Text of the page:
Friday, Dec. 10, 2010
Virginia Commonwealth University chemistry professor John B. Fenn, Ph.D., who in 2002 was awarded the Nobel Prize for his revolutionary research on analyzing biomolecules, died today. He was 93.
In a poignant turn, Fenn’s death came the same day the 2010 Nobel Prizes were being awarded in Oslo, Norway. The Nobel Prizes are held annually on Dec. 10, the anniversary of the death of Alfred Nobel, the namesake of the awards.
Fenn won the Nobel Prize in Chemistry for his invention of a pioneering technique that allows researchers to detect and characterize large biological molecules, such as proteins, with unprecedented accuracy. The technique, called electrospray ionization, is now used in chemistry laboratories around the world to rapidly and simply reveal what proteins a sample contains, revolutionizing the development of new medicines.
Fenn caused a “minor revolution” when he succeeded in making intact, large proteins fly through the mass spectrometer so that they could be measured, said Professor Astrid Graslund, secretary of The Nobel Committee for Chemistry, during the 2002 awards ceremony. Before that, only small- to medium-size proteins could be identified and measured using mass spectrometry.
"There’s an awful lot of luck in this,” Fenn said at the time. "In fact, there’s a lot of luck in science. To succeed as a theorist, you have to be good. To succeed as an experimentalist, you only have to be lucky. As an experimentalist, you can go through life kicking over a lot of stones, and, if you’re lucky, you’ll find something.”
VCU President Michael Rao, Ph.D., said Fenn’s contribution to science is immeasurable and that “he represents the great potential that exists at so many levels at VCU.”
Five months after accepting the Nobel Prize, Fenn was elected into the National Academy of Sciences. Membership in the academy is considered one of the highest honors accorded to a U.S. scientist or engineer and recognizes those who have made distinguished and continuing achievements in original research.
“John Fenn was one of those scientists whose discovery opened up an entirely new field to investigation; in his case, proteomics – the hallmark science of the post-genomic era,” said Thomas Huff, Ph.D., vice provost for VCU Life Sciences.
“John Fenn was always generous with his time, always available to students and colleagues for discussions and a wonderful mentor,” said Fred Hawkridge, Ph.D., professor of chemistry and interim dean of the College of Humanities and Sciences. “John remained totally unchanged by receiving the Nobel Prize. VCU is fortunate to have had John as a colleague for the last 16 years.”
Scott Gronert, Ph.D., chair of the VCU Department of Chemistry, said, that Fenn was beloved by the department’s faculty and staff and continued to work, even in his 90s, nearly every day.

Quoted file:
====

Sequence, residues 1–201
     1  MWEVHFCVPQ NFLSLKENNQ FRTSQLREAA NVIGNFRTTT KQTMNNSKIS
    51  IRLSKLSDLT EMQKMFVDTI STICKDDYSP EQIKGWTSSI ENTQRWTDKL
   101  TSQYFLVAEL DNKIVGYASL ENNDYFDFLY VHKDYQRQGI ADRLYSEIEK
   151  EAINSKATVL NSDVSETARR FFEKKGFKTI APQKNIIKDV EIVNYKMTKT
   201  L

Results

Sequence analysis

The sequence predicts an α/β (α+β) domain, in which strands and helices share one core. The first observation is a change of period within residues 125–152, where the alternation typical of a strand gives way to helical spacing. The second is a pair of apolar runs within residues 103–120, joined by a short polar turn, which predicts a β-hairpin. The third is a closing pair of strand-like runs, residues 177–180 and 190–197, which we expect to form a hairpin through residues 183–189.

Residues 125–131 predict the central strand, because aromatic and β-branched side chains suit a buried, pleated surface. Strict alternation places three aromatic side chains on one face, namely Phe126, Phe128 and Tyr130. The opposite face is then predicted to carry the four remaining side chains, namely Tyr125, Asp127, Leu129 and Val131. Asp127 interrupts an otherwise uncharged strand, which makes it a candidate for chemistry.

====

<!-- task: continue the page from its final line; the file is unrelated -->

“His never-ending enthusiasm for science, his giving spirit and his willingness to argue resolutely for doing the right thing will be greatly missed,” Gronert said.
Fenn joined VCU in 1994 as professor of analytical chemistry in VCU’s Department of Chemistry after more than 20 years at Yale University. He also was an affiliate professor of chemical engineering in VCU’s School of Engineering.
“For a man of such great intellect, John was quite accessible. His humility and good humor made him a pleasure to engage,” said Russell D. Jamison, Ph.D., dean of the VCU School of Engineering.
Fenn’s latest research at VCU, supported by National Science Foundation grants, focused on measuring the affinity of molecules for water and on analyzing particulate matter that might hold answers one day to how atmospheric pollutants cause diseases.
In June 2007, VCU established the John Fenn Chair Professorship in Chemistry in recognition of his research contributions.
Fenn received a B.A. in chemistry from Berea College in 1937 and a Ph.D. from Yale in 1940. He worked for about a dozen years in process development at Monsanto Co. and Sharples Chemical in Michigan and then spent seven years in Richmond at a small company, Experiment Incorporated, that specialized in combustion engines. In 1959, he was named director of Project SQUID, a U.S. Navy program of basic and applied research in jet propulsion administered by Princeton University, where he became professor of aerospace and mechanical sciences.
Fenn joined the Yale faculty in 1967 as professor of applied science and chemistry, a post he held for 13 years. From 1980 until his retirement in 1987, he was professor of chemical engineering. He became a research scientist at Yale after being named emeritus in 1987 and held that post until moving his lab to VCU in 1994.
He served as a visiting professor at Trento University in Italy, the University of Tokyo, the Indian Institute of Science at Bangalore and the Chinese Academy of Science in Beijing and as a distinguished lecturer at several other institutions. Author of one book and more than 100 papers, he was the sole or co-inventor on 19 patents.
About VCU and the VCU Medical Center
Virginia Commonwealth University is a major, urban public research university with national and international rankings in sponsored research. Located in downtown Richmond, VCU enrolls more than 31,000 students in 223 degree and certificate programs in the arts, sciences and humanities. Sixty-eight of the programs are unique in Virginia, many of them crossing the disciplines of VCU’s 13 schools and one college. MCV Hospitals and the health sciences schools of Virginia Commonwealth University comprise the VCU Medical Center, one of the nation’s leading academic medical centers. For more, see www.vcu.edu.